Repost from 2015. Edited, updated, and corrected.
Several years ago, Eric Strachan, retired pastor of New Life Community Church, Petawawa, Ontario, Canada, wrote an article for The Pembroke Daily Observer titled How Come Some Don’t Believe There is a God? Strachan decided to answer the question of why some of us don’t believe in the Christian God. And, like most Evangelical pastors who take up this question, Strachan gave the wrong answer. Here’s what he had to say:
Tell me, what do the following have in common – renowned feminist Gloria Steinem, film maker Woody Allen, billionaire Warren Buffet, Canadian environmentalist David Suzuki, martial arts expert Bruce Lee, Facebook founder Mark Zuckerburg and last but not least Rolling Stones front man Mick Jagger?
Scratching your head? Stumped? Let me give you a hint by adding to that list Jim Gibson, the mayor of Head, Clara and Maria who sits on the Renfrew County council. If it didn’t click before, now it has. All of the foregoing lay claim to being atheists. That means they’re not theists. A ‘theist’ is one who believes in God, but put an ‘a’ in front of that six-lettered word and you come up with what the Merriam-Webster dictionary defines as ‘one who denies the existence of God’. That’s an atheist! And let’s face it, whereby in another era many atheists kept their personal denial of God’s existence somewhat private, today, in this post-Christian age they’re out of the closet and not just out of the closet, but preaching their unbelief with unashamed evangelical fervour.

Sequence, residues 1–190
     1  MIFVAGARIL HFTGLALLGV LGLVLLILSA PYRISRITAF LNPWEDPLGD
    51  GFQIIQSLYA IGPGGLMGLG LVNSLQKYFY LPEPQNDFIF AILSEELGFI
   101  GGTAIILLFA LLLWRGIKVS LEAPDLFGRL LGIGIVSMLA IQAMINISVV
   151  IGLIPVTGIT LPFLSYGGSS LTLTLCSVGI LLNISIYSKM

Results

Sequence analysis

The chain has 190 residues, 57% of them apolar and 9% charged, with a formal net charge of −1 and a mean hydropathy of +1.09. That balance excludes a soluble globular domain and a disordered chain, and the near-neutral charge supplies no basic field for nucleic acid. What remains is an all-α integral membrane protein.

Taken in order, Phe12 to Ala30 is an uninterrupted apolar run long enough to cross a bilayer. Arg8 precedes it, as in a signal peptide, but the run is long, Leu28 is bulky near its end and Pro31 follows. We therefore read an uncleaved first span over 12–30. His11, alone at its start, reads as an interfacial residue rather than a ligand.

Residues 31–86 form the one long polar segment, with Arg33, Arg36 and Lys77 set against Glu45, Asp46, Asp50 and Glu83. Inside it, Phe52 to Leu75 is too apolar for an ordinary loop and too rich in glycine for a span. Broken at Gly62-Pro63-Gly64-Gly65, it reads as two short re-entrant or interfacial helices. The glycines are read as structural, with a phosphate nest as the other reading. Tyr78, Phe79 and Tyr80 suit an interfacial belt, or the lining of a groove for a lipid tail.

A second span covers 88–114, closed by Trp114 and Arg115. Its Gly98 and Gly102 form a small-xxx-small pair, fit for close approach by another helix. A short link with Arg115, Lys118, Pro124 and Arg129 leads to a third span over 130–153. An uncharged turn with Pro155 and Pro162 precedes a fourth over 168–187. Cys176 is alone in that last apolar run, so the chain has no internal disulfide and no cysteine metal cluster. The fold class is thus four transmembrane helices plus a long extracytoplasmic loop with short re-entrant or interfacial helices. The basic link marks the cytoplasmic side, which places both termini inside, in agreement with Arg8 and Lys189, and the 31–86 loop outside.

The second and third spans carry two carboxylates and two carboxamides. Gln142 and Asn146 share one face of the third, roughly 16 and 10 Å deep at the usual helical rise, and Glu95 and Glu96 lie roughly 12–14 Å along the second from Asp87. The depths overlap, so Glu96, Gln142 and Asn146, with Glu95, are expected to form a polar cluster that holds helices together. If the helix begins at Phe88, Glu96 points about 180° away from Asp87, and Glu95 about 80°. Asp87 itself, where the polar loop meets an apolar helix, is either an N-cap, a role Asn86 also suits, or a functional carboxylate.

Take for instance Ronald Reagan Jr., the son of the one-time Christian president of the United States of America, Ronald Reagan. Junior is now part of the ‘Freedom from Religion Foundation’ that bemoans the intrusion of religion into the political sphere. In a series of television ads Reagan advocates for the complete separation of church and state, finishing the brief ad looking straight into the viewer’s eyes with the bold pronouncement, “Ron Reagan, lifelong atheist, not afraid of burning in Hell.” That’s bold isn’t it? I mean, really bold! But there is a brash radical boldness about today’s atheism, just listen to some of the front runners of the movement, Sam Harris and Richard Dawkins, they are preaching their ideology brother, and there’s an enthusiastic chorus of atheistic ‘Amens’ coming from all corners of the globe!